Back in the jungle. I almost sigh in relief. Life as I know it is not only thousands of miles away, it feels like a lifetime ago, away, gone.
I didn’t even know I was going back to Borneo. My itinerary said Tanjung Puting and something about orangutans. I didn’t put two and two together – wild orangutans can only be found on Borneo and Sumatra today. You should have seen my face when I realized – back to Borneo!
The island holds a special place in my heart and so do those beautiful, fun creatures. I don’t think you can ever have too many orangutan pictures, can you? Now I know how parents feel when they want to share 1001 Facebook photos of their offsprings, but I cannot help it. These faces… (and for those parents who feel offended that I inadvertently compared their kids to orangutans, I am sorry!).We are on a boat, a wooden boat going down the Sekonyer River. I think of African Queen and it feels wildly romantic and adventurous. I don’t even mind the heat and the humidity, we get ice cold towels whenever we return from an excursion and a fresh breeze when the boat is in motion. I write this a few weeks later while I sit in a taxi in traffic, of course. I wish I was back on the boat. Sitting at the stern and staring into the water, watching out for crocodiles and Proboscis Monkeys in the trees. The water from the Sekonyer River is muddy and brown. Later, once we have moved to the Black River, the water while dark, almost inky becomes crystal clear – much better for crocodile spotting as it turns out.We spent only one night on our Klotok (traditional wooden boat), a fact most of us girls appreciate. While there is a proper toilet, sleeping arrangements are simple and remind of summer camp (or how I picture summer camp): mattresses on deck, a big mosquito net, and a pillow for each. Our trip in the Tanjung Puting National Park includes three orangutan camp visits in two days: Tanjung Harapan, Pondok Tanggui, and Camp Leakey. The term camp, however, is relative as orangutans roam freely and come and go as they please. There are feeding platforms but they still need to find additional food themselves and goal is it for most to be reintroduced into the wild.We trek through dense jungle to get to the platforms, sometimes joined by a wild boar or some cheeky macaques who are hoping for their share of bananas and sugarcane. They get lucky except in Camp Leaky – the alpha male is at the platform first and takes all the bananas he can possibly carry, leaving precious few for mama and baby orangutan who arrive shortly after him.Treks are easy enough albeit sweaty – welcome to the jungle! Everything is green and the air is dense, humid and lush as well as the surrounding trees and bushes. Bark, roots, ancient ferns, and lianas that make me hopeful for Tarzan to show up. There are weird leaves, colorful flowers, giant ants, yellow jumping/flying spiders and acid colored mushrooms to match. It is hard not to think of a hallucinogenic dream, an Alice in Wonderland kind of world and I just wonder – where is Hookah-Smoking Caterpillar?Mind you, we are not here for green fairies nor creepy crawlies, they are just a mildly interesting sometimes annoying side-effect of jungle life. We are here for the real deal: the person of the forest (the meaning for the Malay word ‘orangutan’). And we get plenty of what we came for.Our luck has it that we not only see a few babies having lunch but also get a few trapeze shows of note and one alpha male coming too close for comfort – we don’t realize that his calls are mating calls and we are standing between him and his object of desire. Luckily we all make it out of the jungle unharmed but also without baby orangutan company which some may or may not have wished for. Still, our spirits run high when we return to our Klotok. Some people smarter than me have bought beer from one of the tiny speedboats cruising the river and while they paid premium river prices I am envious. But even without, dinner is a festive affair on shore and all boats are tied together for the night. While we are feasting on prawns, fried fish, noodles and fish chips for which I cannot find a better word than ‘interesting,’ Faisal our guide and his crew make our beds on board.As I said before, most of us are happy that we just stay for a night because the facilities are basically camping on a boat. To my surprise, I fall asleep at 9 pm and sleep like a log until 4 am when it is almost time to move into the sunrise. Off to our next camp we go…By midday, we are all orangutan-ed out and crave a shower. We pass our last hours on the boat by playing ‘I Spy’ in the hope of crocodiles and taking pictures of each other hanging out of the Klotok’s side door (trying not to fall in and becoming excellent at I Spy).Of course, it is my boat that has an exhaust problem, gets stuck in the palm trees on the river shore and has to be towed. At this point, the shower has become a secondary issue – this boat full of bloggers is craving wifi. Roll your eyes all you like but after all, if you see an orangutan and cannot post your picture on Instagram, did it really happen?!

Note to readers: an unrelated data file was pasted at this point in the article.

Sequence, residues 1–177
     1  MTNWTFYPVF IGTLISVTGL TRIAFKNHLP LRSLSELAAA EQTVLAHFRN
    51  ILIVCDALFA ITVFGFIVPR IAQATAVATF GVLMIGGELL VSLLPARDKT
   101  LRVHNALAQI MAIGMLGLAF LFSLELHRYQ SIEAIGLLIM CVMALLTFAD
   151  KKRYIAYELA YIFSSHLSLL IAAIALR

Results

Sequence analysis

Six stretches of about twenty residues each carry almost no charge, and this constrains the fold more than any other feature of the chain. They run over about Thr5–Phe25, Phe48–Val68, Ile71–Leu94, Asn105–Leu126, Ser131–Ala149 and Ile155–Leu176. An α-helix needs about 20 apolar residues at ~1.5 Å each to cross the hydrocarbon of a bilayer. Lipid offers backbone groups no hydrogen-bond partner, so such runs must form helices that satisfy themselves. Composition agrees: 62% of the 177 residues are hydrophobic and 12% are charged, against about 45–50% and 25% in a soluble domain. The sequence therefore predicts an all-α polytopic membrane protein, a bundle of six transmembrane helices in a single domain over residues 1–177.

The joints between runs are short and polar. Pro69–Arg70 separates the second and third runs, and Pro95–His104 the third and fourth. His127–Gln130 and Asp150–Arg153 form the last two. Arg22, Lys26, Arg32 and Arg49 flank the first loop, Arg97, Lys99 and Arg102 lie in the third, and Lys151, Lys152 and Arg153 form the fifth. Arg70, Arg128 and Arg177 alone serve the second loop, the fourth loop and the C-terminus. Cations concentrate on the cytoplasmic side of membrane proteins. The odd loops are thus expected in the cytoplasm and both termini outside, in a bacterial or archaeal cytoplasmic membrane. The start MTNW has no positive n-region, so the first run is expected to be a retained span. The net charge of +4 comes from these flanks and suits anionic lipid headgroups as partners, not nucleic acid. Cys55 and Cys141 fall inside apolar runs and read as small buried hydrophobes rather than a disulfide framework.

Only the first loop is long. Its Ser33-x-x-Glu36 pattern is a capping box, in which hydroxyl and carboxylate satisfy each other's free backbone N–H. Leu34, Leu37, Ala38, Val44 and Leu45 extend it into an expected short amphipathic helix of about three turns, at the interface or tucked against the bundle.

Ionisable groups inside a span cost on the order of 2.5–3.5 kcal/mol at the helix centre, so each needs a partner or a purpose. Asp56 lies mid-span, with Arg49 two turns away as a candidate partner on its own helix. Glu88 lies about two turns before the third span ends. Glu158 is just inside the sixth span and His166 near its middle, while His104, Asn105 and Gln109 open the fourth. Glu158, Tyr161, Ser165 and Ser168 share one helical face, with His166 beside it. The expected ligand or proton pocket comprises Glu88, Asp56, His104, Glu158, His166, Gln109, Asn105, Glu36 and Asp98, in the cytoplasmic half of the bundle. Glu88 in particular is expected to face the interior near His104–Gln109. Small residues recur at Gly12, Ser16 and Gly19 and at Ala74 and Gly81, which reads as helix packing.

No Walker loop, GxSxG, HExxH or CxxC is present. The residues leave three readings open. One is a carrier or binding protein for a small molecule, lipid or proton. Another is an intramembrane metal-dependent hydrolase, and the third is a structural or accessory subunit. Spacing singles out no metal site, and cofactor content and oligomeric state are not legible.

The nitty gritty & practical of finding orangutans in Borneo:
*Flights from Jakarta take about an hour with Kalstar or Garuda to Pangkalan Bun, Kalimantan Tengah.
*You can book your boat cruise and orangutan visits with Orangutandays. Their trips run from 1N2D to 3N4D. I would recommend choosing one not only according to budget but also to your ability to rough it and patience for wildlife sightings.
*Take lots of mosquito repellant, some clothes that can get dirty and comfortable trekking shoes. You can refill your water bottle on the boat, mattresses, mosquito nets, pillows and blankets for sleeping are provided.
*If you are very precious, you can even take a shower on board, but honestly, none of us bothered. It didn’t seem worth the effort – hello bucket-shower over the toilet! – and we preferred to rough it for the night and use lots of wet wipes instead.
*Definitely bring a zoom lens; while the orangutans come close a lot of action happens high up in the trees. And as always, when wildlife spotting – use your indoor voices, kids!*Yes, yes, I know an orangutan is not a monkey but an ape!